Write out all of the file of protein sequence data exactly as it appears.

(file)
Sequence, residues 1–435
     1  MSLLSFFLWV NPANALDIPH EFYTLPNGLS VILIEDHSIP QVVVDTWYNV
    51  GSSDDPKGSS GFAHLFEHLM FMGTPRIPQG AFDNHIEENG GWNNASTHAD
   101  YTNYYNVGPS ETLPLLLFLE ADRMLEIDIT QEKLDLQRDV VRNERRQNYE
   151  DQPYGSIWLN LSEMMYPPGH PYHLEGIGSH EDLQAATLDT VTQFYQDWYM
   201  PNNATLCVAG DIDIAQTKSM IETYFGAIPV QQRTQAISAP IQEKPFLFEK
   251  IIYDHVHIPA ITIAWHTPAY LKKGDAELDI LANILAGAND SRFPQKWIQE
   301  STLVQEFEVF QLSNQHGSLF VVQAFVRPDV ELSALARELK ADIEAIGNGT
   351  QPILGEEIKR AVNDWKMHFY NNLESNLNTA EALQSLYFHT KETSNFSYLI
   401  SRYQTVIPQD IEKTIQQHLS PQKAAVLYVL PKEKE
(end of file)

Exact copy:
Sequence, residues 1–435
     1  MSLLSFFLWV NPANALDIPH EFYTLPNGLS VILIEDHSIP QVVVDTWYNV
    51  GSSDDPKGSS GFAHLFEHLM FMGTPRIPQG AFDNHIEENG GWNNASTHAD
   101  YTNYYNVGPS ETLPLLLFLE ADRMLEIDIT QEKLDLQRDV VRNERRQNYE
   151  DQPYGSIWLN LSEMMYPPGH PYHLEGIGSH EDLQAATLDT VTQFYQDWYM
   201  PNNATLCVAG DIDIAQTKSM IETYFGAIPV QQRTQAISAP IQEKPFLFEK
   251  IIYDHVHIPA ITIAWHTPAY LKKGDAELDI LANILAGAND SRFPQKWIQE
   301  STLVQEFEVF QLSNQHGSLF VVQAFVRPDV ELSALARELK ADIEAIGNGT
   351  QPILGEEIKR AVNDWKMHFY NNLESNLNTA EALQSLYFHT KETSNFSYLI
   401  SRYQTVIPQD IEKTIQQHLS PQKAAVLYVL PKEKE